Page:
Making a difference Mitchell: Football coach's formula for success molds winners on and off the field at Dunbar.

September 10, 1996|By Lem Satterfield | Lem Satterfield,SUN STAFF

Dunbar principal Charlotte Brown describes him as "a disciplined, caring, conscientious role model who relates football parables to life."

He's "a perfectionist" to one of his players, and to friend and colleague Ben Eaton "a man obsessed, sometimes to a fault, with today's youth."

Those who best know Stanley Mitchell -- a Vietnam veteran and son of a truck driver and seamstress -- say he's a staunch man of ethics. He doesn't mince words when addressing his players, but chooses them carefully when speaking in public.

Combining those qualities, they say, Mitchell has conveyed a positive image of Baltimore City football, and hoisted his Dunbar program into the ranks of the state's most respected.

Poets players must maintain good grades -- no failures allowed -- participate in charities, take part in community service such as tutoring or mentoring elementary school children and "generally change your character to be a part of his program," said Eaton.

"Stanley's constantly trying to upgrade the program, promoting fund raisers within the community. Head to toe, his players are always well-attired and in complete uniformity in appearance on the sidelines," said Bob Wade, 51, Dunbar's former football and basketball coach for whom Mitchell was a volunteer football assistant in the early 1980s.

"He breaks down the game, walks the players through a scheme and makes clear how it hurts the team if not done properly. Players respect him because he's a take-charge guy. And now, he's getting statewide respect because he's taken the program to the next level."

Mitchell, 48, is 33-4 entering his fourth season, having won the city's first two state titles. Ten players from the first championship team went to college -- six on athletic scholarships. Six more from last year's team earned scholarships, including two-time All-Metro Defensive Player of the Year Tommy Polley (Florida State).

Mitchell has beaten several of Maryland's elder statesmen coaches, such as Churchill's Fred Shepherd (213-75-1), Poly's Augie Waibel (246-57), Cambridge's Doug Fleetwood (151-41), Fort Hill's Mike Calhoun (89-25) and Al Thomas (188-37), the first of only two coaches to win seven state titles, at Damascus and Seneca Valley.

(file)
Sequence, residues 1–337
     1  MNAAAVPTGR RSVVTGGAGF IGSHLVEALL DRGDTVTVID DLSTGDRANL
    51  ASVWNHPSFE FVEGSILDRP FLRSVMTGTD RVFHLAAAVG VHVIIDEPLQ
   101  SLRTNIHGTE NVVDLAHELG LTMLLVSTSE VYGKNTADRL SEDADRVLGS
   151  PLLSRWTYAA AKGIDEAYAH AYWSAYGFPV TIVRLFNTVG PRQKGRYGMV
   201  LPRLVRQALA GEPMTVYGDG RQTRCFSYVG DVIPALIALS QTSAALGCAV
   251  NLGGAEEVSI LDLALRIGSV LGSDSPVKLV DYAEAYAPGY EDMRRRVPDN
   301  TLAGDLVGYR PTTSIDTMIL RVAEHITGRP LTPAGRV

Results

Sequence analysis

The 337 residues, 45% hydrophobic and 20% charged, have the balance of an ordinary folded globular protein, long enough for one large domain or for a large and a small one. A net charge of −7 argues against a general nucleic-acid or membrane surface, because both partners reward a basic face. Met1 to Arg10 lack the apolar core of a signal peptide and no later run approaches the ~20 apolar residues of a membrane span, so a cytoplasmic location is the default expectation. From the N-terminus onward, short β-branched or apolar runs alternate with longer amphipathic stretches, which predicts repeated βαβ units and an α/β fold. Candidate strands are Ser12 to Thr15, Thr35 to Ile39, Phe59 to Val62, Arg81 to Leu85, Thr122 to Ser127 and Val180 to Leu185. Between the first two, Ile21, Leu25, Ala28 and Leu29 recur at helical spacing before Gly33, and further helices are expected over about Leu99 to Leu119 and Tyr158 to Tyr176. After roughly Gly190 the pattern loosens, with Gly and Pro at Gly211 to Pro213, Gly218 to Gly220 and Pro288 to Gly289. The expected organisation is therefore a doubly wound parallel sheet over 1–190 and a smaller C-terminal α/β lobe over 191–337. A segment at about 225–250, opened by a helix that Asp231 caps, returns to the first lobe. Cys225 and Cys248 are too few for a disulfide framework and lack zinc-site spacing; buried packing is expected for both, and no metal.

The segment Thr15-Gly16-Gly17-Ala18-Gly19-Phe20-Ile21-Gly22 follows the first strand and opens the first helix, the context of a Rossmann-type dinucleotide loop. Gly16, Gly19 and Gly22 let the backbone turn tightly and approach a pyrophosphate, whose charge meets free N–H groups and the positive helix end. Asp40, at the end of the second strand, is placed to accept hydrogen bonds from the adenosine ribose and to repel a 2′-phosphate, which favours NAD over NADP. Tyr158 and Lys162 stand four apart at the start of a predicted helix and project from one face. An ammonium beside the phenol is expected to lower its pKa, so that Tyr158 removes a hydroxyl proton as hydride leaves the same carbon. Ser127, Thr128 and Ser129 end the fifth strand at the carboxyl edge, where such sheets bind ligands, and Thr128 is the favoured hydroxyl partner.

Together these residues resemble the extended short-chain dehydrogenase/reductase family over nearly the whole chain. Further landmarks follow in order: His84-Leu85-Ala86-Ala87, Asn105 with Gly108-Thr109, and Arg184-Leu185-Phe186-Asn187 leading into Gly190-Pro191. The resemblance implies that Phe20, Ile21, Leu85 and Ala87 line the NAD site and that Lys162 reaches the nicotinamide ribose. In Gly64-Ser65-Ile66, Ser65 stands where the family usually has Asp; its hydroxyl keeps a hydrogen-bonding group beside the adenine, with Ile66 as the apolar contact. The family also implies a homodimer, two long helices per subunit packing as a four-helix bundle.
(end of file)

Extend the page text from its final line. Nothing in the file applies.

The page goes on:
In leading the Poets to last November's 30-28 overtime 3A state title win over Churchill, Mitchell was at his best. He saw Shepherd's 78-member squad, high-tech approach (the use of head phones to communicate with one of 11 assistants) and admonished his 27 players (he had brought up six junior varsity players to add to the 21 on the varsity) and four assistants not to worry about what you don't have, but to go out and earn respect for Baltimore City.

"Growing up, I never knew how poor I was until I went into the

service," said Mitchell, whose father, Edward, and mother, Pearl, each died of cancer in the 1980s. "My parents taught me that others might have more money, but I was enriched also by their knowledge about life."

A Dunbar and Morgan State graduate who played defensive back with the semi-pro Hanover (Pa.) Rhinos, Mitchell, who did not play at Morgan, was hired as interim coach one day before the first practice in 1993. The move came during a school board investigation into charges that former coach Pete Pompey, now at Edmondson, had misused athletic funds.

On almost a daily basis during his first month, Mitchell and his players endured protests from Pompey supporters. Many thought the high-profile job was too much for a man whose claim to fame was coaching Northwood's 11-to-13-year-old Pop Warner program to a national title. Mitchell coached Northwood for six years, winning the Maryland Football Association junior midget title in 1989 and losing the national title game in 1990.

During his initial season at Dunbar, however, Mitchell led the Poets to a9-3 record, the state semifinals and earned The Sun's All-Metro Coach of the Year honors.

"Some of the players stayed away from practice because they were loyal to Pompey, but Mitchell kept his mouth shut through the whole thing," Waibel said. "The kids who came to practice initially, Stanley kept them together. And before long, the others came back into the fold. He gained a lot of respect from everybody that year."

Mitchell, an assistant director of facilities operations and resident life at Morgan State, was hired permanently the following season by Brown.

Mitchell forces teams to adjust to an aggressive defense, and sets up opponents with an effective offense. Undersized players are not excluded from consideration; his positions are based on ability, tenacity and effectiveness rather than size or strength. Two years ago, for example, a 125-pound safety alternated as a long snapper on punts.

Doubters of this approach need only talk to those who have faced him.

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